The protagonist is clearly unhappy over the way he was marginalized in his fed job, but the story of how he redeemed himself leaves a lot to be desired if you're looking for a good spy read. His motivations are clear enough, but those of the villain are not always. It doesn't make sense for him to detour and risk his operation to murder people he'd known 30 years before, with whom he seemed to have had a cordial enough relationship, though it did give a clue to the protagonist as to who was behind the terrorist plot. I think the author could have tried to develop a more reasonable backstory for that clue. But then, too, there's the question about whether the terrorist truck drivers wouldn't have heard the CB and talk radio broadcasts and alerted the villain in time to salvage his operation. This plot is too simplistic for spy novel enthusiasts, though probably a fun read for trucker fans.
I have other Tami Hoag books that I thought were pretty good, but maybe they were abridged. Seems likely, if an editor had removed all the porn and the parts that can't be played while eating dinner, this might have been quite an interesting mystery. IMHO, when I purchase a mystery, that's what I hope to get, without a lot of verbiage wasted on adventures that aren't even realistic. I would hope Ms. Hoag will eventually find a publisher that doesn't put an orgasm quota in her contract.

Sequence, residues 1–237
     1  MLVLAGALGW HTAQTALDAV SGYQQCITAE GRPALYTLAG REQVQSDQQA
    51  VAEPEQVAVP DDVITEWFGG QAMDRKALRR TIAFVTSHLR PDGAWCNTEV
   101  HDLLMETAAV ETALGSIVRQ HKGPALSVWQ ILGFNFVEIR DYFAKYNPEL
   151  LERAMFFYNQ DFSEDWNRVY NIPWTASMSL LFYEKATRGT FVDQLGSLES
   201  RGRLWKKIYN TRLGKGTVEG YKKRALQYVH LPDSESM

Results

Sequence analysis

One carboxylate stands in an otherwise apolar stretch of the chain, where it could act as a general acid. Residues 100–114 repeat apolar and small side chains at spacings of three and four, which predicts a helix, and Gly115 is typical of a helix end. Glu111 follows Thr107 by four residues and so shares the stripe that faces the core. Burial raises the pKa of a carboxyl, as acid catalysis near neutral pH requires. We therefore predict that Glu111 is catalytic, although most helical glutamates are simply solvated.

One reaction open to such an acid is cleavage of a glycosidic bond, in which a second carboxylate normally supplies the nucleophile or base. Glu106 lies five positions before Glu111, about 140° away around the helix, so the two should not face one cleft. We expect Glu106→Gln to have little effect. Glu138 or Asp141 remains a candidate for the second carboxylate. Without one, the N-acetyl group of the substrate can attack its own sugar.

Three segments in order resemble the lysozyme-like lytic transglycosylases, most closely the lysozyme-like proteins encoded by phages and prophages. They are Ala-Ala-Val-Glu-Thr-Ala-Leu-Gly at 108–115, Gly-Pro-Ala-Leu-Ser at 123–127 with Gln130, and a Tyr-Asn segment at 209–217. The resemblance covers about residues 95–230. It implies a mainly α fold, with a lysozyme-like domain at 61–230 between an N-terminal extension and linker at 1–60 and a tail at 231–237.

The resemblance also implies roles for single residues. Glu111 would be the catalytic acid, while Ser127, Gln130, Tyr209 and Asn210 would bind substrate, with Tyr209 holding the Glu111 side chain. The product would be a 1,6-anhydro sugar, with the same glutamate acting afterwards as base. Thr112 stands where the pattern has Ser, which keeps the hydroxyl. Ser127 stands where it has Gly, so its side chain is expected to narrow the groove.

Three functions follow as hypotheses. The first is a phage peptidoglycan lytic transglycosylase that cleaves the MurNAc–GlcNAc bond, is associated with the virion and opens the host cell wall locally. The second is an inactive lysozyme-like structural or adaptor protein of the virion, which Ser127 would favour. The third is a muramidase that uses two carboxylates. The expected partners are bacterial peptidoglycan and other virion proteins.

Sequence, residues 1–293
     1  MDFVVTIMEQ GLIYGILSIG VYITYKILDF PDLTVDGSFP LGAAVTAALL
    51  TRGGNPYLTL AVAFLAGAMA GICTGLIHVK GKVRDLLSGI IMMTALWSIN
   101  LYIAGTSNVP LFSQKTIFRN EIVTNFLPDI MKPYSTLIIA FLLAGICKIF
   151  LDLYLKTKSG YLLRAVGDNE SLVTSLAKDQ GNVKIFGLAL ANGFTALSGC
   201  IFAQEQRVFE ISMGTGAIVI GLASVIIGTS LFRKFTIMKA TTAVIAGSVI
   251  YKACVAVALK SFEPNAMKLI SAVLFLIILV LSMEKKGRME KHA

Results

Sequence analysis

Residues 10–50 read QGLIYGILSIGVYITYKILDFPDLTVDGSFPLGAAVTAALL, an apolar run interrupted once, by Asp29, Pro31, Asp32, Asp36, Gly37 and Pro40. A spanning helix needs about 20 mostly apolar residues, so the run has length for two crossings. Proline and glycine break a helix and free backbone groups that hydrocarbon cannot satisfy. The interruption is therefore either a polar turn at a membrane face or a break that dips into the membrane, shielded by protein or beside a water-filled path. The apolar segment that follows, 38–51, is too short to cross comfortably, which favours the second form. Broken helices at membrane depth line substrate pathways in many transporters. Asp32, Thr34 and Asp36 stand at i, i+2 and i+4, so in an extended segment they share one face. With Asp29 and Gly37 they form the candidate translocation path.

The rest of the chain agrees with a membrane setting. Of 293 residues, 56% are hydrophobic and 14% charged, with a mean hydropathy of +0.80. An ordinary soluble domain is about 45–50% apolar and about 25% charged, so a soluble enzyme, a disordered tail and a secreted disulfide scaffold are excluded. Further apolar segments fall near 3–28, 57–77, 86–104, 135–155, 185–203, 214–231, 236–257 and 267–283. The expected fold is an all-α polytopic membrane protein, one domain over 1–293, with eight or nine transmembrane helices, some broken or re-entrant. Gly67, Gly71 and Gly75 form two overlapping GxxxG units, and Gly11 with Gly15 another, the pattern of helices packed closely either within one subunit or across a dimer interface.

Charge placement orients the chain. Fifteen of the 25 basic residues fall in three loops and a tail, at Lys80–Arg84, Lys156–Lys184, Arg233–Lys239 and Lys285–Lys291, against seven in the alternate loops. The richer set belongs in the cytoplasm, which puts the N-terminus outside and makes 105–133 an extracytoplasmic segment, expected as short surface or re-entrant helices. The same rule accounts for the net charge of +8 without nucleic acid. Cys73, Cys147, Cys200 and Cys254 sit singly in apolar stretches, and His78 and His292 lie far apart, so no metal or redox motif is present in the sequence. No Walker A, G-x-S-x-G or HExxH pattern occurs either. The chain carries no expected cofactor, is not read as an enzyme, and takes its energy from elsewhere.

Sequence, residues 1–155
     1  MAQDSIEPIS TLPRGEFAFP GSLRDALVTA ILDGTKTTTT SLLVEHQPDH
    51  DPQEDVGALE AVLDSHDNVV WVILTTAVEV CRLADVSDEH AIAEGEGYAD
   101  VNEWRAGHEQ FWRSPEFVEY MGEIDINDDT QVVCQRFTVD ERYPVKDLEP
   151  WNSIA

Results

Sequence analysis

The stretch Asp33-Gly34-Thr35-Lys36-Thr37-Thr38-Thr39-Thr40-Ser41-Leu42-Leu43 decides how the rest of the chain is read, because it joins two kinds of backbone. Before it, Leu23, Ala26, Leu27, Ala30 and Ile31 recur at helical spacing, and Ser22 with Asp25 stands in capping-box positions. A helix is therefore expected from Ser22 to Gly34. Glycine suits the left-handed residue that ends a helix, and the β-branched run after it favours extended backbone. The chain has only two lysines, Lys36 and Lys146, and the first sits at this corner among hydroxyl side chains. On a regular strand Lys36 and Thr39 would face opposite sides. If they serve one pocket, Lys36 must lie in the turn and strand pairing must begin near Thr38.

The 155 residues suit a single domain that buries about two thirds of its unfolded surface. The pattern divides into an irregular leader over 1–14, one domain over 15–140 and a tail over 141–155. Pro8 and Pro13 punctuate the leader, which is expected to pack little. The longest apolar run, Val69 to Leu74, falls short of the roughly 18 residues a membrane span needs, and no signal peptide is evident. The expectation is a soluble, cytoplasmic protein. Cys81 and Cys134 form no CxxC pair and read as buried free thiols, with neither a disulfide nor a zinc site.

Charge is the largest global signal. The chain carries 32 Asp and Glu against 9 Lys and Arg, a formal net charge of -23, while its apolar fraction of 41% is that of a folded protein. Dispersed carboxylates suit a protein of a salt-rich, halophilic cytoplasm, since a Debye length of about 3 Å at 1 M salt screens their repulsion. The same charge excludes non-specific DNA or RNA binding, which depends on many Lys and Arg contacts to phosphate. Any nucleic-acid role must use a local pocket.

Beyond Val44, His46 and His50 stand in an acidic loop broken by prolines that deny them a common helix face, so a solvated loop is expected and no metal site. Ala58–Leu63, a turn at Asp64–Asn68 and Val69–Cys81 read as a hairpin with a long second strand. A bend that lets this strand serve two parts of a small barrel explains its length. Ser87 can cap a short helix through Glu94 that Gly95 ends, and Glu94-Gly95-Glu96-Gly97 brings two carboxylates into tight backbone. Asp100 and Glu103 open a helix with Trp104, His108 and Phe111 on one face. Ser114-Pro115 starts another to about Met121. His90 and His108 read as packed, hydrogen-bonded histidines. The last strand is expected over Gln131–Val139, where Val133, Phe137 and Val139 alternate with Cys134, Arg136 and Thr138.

Ordinarily I'd complain that it's too grotesque and unrealistic for a street-wise punk to decide to accept a "god" that expects to be feared, but needs the help of violent, unruly youths to destroy what the god had created. Really, who would do that? But apparently this story is true, so I'll try to limit myself to reviewing the book as literature.